Redevelopment of Central Vista in New Delhi, India is a historically and culturally significant project proposing the redevelopment of over 440 Hectares of prime land. With the site allocated in the heart of the capital city, it is a mega-scale urban development which seeks to uplift and upgrade the requirements of a burgeoning economy.

Urban Context
The site comprises of highly coveted buildings such as the Presidential Residence (Rashtrapati Bhawan), the North and South Blocks, the Indian Parliament, Ministerial Complexes, various Secretariat buildings besides the National Archives, few National Museums and a National Stadium. The design concepts are centred on restoration, adaptive re-use, intelligent conservation, upgradation, retrofitting and reconfiguration of the existing heritage and preserve the celebrated historic value of the area, along with creation of some landmark edifices.

Master Planning Concept
The overall master planning integrates elements of harmony, balance and rhythm to ideate a concept which is a comprehensive understanding of the challenges of the present times while leaving ample area for unhindered future expansion. The axis of the Vista extends more than 2 kms in length and is developed as a mixed-use cultural district. A natural stream along a central axis balances the overall site and is flanked by extensively landscaped avenues and pedestrian spine on either side. By restricting vehicular movement on the outer roads, this street is kept pedestrian-friendly, becoming an eco-conscious zone. The design also proposes a monorail concealed under the terraced landscape which links all buildings in the precinct & integrates with city mass transit. Technological advancement is utilised to its fullest with features such as high-end security systems integrated in this district, display screens to help guide pedestrians with movement in and around the site, well-regulated parking space for vehicles etc.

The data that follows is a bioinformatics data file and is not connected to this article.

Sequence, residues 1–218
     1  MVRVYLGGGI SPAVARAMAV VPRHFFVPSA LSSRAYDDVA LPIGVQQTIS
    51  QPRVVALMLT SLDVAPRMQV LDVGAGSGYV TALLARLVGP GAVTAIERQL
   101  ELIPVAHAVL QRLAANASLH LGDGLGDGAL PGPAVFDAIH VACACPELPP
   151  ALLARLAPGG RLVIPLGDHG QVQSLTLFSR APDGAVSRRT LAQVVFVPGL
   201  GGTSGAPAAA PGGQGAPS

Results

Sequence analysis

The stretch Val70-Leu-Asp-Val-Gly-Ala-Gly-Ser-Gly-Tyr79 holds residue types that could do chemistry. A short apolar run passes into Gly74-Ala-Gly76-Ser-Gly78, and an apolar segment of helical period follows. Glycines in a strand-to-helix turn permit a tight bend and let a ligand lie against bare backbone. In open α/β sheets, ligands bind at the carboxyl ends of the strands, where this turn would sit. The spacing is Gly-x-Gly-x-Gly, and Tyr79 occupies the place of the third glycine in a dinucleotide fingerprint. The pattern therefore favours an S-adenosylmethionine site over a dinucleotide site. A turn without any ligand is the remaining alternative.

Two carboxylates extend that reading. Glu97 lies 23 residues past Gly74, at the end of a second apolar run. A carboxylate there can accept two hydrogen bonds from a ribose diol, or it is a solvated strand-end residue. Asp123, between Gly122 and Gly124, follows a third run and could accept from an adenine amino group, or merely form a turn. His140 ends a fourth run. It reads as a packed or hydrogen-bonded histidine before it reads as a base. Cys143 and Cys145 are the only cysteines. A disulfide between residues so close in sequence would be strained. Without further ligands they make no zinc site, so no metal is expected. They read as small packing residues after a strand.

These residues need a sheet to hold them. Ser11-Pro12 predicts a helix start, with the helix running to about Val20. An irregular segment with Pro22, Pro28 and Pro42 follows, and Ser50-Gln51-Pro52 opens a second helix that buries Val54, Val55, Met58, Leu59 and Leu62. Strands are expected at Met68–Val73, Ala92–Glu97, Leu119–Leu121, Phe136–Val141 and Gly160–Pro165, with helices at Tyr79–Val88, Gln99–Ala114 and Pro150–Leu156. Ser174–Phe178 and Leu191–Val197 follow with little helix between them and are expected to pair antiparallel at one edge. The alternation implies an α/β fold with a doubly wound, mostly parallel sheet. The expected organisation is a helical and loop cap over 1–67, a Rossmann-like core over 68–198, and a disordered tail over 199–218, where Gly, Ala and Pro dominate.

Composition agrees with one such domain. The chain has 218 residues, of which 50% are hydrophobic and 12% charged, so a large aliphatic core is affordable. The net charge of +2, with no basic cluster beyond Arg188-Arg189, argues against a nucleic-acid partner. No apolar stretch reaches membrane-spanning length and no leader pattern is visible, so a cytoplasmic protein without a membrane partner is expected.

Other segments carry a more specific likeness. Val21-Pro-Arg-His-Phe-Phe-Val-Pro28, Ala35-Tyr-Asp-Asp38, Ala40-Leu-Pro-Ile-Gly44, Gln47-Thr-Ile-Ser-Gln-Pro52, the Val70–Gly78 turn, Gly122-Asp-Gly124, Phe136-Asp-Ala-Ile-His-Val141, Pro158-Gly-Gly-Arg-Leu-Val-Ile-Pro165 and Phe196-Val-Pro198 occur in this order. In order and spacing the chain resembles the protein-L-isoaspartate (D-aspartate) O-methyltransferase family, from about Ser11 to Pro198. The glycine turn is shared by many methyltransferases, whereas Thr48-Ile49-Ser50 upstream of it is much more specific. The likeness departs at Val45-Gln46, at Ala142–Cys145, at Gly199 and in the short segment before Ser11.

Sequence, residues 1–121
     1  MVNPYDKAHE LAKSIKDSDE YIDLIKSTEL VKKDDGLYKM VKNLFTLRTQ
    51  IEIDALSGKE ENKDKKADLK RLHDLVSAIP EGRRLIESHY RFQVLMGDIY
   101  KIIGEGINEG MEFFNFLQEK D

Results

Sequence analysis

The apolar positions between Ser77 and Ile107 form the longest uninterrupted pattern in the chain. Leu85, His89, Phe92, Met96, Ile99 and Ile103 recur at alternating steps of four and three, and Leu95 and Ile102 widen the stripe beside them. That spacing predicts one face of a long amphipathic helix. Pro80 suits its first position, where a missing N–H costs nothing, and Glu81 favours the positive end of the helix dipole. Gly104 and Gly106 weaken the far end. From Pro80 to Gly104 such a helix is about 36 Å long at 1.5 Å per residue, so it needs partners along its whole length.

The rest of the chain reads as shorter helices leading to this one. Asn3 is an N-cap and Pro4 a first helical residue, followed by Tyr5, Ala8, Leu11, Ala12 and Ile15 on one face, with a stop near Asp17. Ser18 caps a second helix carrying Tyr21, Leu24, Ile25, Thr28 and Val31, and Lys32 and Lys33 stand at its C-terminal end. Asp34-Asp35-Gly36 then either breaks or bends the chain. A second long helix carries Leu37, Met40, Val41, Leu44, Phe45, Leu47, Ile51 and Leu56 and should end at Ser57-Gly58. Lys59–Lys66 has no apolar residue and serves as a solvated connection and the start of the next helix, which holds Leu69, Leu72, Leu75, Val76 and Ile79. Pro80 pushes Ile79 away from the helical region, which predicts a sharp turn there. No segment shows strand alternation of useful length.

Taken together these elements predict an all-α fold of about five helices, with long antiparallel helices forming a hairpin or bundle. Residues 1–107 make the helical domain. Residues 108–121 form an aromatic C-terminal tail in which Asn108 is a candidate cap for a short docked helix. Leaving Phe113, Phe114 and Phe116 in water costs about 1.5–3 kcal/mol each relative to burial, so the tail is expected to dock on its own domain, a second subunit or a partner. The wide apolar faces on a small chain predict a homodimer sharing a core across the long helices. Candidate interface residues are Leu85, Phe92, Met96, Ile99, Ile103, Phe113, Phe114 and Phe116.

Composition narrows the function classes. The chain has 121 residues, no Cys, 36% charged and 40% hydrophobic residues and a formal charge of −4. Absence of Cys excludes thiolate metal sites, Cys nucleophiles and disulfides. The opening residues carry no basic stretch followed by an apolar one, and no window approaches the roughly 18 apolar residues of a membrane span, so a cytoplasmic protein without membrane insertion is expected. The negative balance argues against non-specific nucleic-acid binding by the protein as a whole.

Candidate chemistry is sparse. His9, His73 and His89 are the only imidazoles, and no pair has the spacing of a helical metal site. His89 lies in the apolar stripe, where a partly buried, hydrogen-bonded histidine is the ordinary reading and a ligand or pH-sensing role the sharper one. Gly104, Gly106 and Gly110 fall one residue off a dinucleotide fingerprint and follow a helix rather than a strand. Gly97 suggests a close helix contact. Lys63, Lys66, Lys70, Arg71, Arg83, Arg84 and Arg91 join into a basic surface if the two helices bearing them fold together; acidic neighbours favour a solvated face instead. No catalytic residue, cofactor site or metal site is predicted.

Vernacular design
The architectural concept strives for a responsible design development through an understanding of conservation, sustainability and holistic approach. The offices are proposed as mixed-use spaces and are inspired by the mohallas, chowks and bazaars of Chandni Chowk (one of the oldest areas in New Delhi), and accommodate retail areas, restaurants, lounging spaces etc. in their central courtyards. Entrance of these buildings use Gopurams and Toranas as inspiration, giving a magnificent look to the whole complex.

Climatologically-responsive Design
The offices would be able to symbolically represent India through use of jaalis, louvres, accommodating semi-shaded central courtyards and creation of double skin façade by extending slabs (chhajjas) supported by colonnaded corridors around the Secretariat edifices. These architectural elements and techniques work well in the Indian landscape and establish a climatologically responsive design. Stone panels with different traditional Indian architectural motifs become the patterns for jaalis which celebrate the art and architectural history of India while synchronising with the existing Lutyens’ character.

Re-defining urban character
The proposal also integrates high-level technology through automation and artificial intelligence systems in the buildings for increased security. North and South Blocks, already existing and highly prominent offices, are proposed to be restored instead of using them as museums. At one end of the axis, a precinct of Museums is proposed around India Gate, a national memorial monument, imbibing adaptive reuse of historical Indian princely estates.

Reimagining New Delhi as a Garden City, the redevelopment proposal offers a possibility of bestowing it with an international iconic stature and creating a state-of-the-art futuristic and livable vision of urban development.



Location: Rajpath, New Delhi
Site Area: 440 Hectares
Built up area: 70, 00, 000 sq. ft.
Footfall of area: half a million people on weekdays and around a million people over the weekend

C P Kukreja Architects

Central Vista Redevelopment by Dikshu C Kukreja in India won the WA Award Cycle 35. Please find below the WA Award poster for this project.

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